President Abdelaziz Bouteflika, Algeria’s frail 81-year-old president who has been in power since 1999, will stand for a fifth consecutive term, the state news agency APS reported him to have said on Sunday.
The news puts an end to uncertainty surrounding his state of health and whether he will seek re-election in the April 18 presidential election. Observers believe Bouteflika will win again despite rarely seen in public since suffering a stroke that confined him to a wheelchair in 2013, as the Algerian opposition remains weak and fragmented.
APS said Bouteflika plans to amend the constitution if re-elected. The news agency, however, did not say which specific amendments he would seek.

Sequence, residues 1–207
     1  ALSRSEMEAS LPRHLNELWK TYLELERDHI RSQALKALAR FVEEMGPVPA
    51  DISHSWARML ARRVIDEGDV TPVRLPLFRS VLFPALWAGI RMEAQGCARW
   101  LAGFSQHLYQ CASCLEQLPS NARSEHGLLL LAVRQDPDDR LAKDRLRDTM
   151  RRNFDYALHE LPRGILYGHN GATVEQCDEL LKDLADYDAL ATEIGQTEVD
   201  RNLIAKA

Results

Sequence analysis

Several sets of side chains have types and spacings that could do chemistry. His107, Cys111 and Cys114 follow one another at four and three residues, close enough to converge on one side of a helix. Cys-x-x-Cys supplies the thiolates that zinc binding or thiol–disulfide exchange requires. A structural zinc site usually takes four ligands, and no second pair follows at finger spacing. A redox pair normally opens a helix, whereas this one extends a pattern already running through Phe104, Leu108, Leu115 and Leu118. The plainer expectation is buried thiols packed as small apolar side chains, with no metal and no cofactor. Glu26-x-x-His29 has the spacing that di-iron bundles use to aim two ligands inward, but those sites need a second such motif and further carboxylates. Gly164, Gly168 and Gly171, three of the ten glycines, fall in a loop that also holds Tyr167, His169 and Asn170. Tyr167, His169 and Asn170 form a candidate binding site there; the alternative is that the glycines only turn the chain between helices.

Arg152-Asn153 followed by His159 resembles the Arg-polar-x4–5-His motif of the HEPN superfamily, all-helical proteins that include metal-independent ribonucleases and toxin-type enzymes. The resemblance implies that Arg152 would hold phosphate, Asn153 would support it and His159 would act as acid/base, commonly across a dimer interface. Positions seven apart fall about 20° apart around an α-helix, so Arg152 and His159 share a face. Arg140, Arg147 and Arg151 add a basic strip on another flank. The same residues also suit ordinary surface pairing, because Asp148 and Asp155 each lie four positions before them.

Reuters, citing a source familiar with the matter, reports that if Bouteflika wins, he would likely propose the creation of the post of vice-president to help him govern the country. Names cited by Algerian media as a possible future vice-president include former U.N. diplomat Lakhdar Brahimi and Prime Minister Ahmed Ouyahia, who was touted, in some quarters, to become the next president if Bouteflika decides not to run.
Bouteflika is very popular with many Algerians, who credit him with putting an end to a longstanding war in the energy-rich North African country by offering amnesty to former Islamist fighters. His ruling FLN party has announced him as its official presidential candidate and several political parties, trade unions and business organisations have promised to back his re-election bid.